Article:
I wrote about one memorable trip home from Darlington in The Thunder of Three-Thousand Three-Hundred Horses.

Over the years, I also seem to have had several clients for my computing skills in the area, including the use of my data analysis software; Daisy at Cummins Engines in the town.

And lately, it’s been for football at Middlesbrough to see Ipswich play, where I’ve changed trains. Sometimes, Town even won.

The improvements planned for the station are two-fold.

Improvement Of Local Services

This paragraph from Wikipedia, sums up the local train services on the Tees Valley Line between Saltburn and Bishop Auckland via Darlington, Middlesbrough and Redcar.

Northern run their Tees Valley line trains twice hourly to Middlesbrough, Redcar and Saltburn (hourly on Sundays), whilst the Bishop Auckland branch has a service every hour (including Sundays). The company also operates two Sundays-only direct trains to/from Stockton and Hartlepool.

If ever a route needed improvement it is this one.

This paragraph from the Northern Echo article, outlines the plans for Darlington station.

The meeting was also told the overhaul, which will see new platforms, a new station building, parking and an interchange for passengers, alongside other improvements, would also double capacity on Tees Valley and Bishop Auckland lines, meaning four trains an hour on the former and two trains an hour on the latter.

I also believe that the route is a shoe-in for zero-carbon services; hydrogen or battery electric.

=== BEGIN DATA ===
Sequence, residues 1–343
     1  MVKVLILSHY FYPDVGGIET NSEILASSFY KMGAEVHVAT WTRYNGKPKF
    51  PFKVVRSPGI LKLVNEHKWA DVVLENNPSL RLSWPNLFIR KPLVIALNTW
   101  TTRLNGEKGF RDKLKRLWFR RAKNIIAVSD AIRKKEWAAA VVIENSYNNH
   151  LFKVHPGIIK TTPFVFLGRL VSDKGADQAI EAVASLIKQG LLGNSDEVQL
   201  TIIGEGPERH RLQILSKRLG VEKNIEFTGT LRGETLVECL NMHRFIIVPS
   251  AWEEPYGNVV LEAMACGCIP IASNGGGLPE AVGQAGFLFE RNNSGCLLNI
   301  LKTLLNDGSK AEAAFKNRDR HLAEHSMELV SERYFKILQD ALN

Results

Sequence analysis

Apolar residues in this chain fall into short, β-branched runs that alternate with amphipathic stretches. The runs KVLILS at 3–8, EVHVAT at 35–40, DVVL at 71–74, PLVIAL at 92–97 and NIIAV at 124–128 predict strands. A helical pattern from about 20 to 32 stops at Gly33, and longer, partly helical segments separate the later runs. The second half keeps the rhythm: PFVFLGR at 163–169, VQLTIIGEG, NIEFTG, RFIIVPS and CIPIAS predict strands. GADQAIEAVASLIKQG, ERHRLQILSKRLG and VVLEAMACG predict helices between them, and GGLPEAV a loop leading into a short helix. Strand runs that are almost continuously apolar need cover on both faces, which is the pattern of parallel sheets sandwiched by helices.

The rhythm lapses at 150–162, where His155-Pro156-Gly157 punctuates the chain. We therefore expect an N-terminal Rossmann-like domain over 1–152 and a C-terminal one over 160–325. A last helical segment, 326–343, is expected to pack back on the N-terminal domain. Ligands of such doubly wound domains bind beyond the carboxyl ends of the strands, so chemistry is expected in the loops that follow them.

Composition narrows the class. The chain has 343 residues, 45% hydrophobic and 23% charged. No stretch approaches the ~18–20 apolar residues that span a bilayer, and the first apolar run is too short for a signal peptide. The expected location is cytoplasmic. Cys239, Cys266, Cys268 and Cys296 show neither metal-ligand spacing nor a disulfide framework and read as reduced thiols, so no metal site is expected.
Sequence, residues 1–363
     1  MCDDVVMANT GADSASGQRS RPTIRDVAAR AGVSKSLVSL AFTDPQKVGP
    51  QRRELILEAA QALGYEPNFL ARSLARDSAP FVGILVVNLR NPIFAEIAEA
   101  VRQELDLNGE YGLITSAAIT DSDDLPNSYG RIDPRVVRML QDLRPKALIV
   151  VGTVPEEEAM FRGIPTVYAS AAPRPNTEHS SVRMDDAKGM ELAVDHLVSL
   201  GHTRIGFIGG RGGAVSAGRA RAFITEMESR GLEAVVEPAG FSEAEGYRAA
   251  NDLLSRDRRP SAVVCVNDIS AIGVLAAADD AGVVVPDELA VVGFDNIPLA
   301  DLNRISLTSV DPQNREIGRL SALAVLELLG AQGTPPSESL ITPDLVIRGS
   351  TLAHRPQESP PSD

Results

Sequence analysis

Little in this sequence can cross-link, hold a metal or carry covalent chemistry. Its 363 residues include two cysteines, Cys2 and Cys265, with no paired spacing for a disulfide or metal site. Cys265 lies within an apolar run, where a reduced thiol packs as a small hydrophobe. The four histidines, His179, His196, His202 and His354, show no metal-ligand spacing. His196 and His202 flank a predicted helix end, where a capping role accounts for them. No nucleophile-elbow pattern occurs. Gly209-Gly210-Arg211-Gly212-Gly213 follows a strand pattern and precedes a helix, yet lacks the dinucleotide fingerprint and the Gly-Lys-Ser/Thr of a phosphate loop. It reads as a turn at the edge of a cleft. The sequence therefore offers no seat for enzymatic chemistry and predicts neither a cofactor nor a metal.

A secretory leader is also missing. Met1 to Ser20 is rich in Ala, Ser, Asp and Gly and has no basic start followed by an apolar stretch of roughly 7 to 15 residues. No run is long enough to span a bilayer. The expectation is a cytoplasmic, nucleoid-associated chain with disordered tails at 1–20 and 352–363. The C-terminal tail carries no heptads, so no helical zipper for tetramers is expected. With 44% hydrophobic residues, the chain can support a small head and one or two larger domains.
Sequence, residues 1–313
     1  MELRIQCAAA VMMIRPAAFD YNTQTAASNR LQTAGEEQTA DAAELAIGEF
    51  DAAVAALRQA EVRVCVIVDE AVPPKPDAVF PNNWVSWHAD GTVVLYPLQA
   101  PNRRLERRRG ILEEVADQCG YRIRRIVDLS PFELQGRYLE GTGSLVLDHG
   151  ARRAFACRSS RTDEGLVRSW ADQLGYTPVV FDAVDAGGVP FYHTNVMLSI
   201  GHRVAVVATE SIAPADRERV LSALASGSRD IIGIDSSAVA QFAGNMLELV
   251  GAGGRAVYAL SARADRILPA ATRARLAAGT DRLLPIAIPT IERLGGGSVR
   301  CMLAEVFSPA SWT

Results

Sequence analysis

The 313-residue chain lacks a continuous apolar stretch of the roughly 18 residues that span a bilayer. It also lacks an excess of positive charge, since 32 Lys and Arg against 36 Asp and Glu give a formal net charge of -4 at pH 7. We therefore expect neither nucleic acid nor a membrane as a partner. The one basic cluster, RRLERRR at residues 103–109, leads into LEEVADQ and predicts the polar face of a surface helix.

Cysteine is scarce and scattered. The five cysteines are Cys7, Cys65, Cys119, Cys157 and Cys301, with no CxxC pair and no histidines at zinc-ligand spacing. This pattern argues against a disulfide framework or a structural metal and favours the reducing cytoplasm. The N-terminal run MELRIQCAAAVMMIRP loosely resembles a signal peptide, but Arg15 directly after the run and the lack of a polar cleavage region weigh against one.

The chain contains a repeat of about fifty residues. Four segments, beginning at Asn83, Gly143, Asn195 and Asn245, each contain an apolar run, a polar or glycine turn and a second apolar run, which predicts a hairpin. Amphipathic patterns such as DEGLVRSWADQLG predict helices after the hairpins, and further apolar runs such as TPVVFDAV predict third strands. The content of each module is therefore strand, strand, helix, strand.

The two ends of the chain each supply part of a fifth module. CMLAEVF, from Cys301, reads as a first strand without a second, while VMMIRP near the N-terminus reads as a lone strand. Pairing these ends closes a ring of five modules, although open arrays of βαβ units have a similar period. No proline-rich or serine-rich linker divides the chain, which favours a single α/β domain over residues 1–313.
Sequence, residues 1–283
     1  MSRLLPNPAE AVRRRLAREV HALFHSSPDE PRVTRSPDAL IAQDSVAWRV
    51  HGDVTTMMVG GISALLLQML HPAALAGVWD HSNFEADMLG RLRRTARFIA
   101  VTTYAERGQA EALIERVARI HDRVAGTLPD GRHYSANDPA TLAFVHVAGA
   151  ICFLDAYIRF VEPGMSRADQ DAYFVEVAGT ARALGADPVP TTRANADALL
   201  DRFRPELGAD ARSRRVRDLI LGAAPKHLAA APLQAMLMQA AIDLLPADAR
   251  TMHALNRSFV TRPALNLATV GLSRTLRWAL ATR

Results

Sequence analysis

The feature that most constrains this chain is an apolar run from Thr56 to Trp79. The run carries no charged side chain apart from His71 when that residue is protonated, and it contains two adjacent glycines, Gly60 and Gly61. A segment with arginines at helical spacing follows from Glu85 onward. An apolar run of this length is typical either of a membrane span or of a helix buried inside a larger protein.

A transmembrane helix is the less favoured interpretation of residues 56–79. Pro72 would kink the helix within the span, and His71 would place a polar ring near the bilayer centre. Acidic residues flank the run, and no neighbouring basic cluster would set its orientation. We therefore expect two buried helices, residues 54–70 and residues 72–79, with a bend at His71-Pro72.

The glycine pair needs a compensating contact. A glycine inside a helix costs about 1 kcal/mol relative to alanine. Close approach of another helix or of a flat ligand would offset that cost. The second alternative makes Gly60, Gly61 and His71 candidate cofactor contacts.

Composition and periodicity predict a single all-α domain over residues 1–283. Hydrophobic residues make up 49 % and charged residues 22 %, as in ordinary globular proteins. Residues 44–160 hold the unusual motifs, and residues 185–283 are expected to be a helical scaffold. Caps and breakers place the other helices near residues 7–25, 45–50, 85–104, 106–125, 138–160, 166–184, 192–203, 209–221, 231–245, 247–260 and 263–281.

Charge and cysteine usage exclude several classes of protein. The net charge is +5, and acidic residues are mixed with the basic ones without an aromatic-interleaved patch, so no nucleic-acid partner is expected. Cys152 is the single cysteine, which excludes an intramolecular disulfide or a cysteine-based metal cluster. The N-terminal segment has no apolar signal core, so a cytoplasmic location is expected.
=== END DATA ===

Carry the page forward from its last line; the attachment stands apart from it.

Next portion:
Hydrogen Trains On Teesside

In Fuelling The Change On Teesside Rails, I discuss using hydrogen powered trains for the lines in the area and they could certainly provide services on more than just the Tees Valley Line.

The hydrogen powered trains would probably be this Alstom Breeze.

They would appear to be in pole position to change the image of Teesside’s trains.

Battery Electric Trains On Teesside

But I suspect. that an Anglo-Japanese partnership, based in the North-East could have other ideas.

  • Hitachi have a train factory at Newton Aycliffe on the Tees Valley Line.
  • Hyperdrive Innovation design and produce battery packs for transport and mobile applications in Sunderland.

The two companies have launched the Regional Battery Train, which is described in this Hitachi infographic.

Note than 90 kilometres is 56 miles, so the train has a very useful range.

Hitachi have talked about fitting batteries to their express trains to serve places like Middlesbrough, Redcar and Sunderland with zero-carbon electric services.

But their technology can also be fitted to their Class 385 trains and I’m sure that Scotland will order some battery-equipped Class 385 trains to expand their vigorous electric train network.

Both Scotland and Teesside will need to charge their battery trains.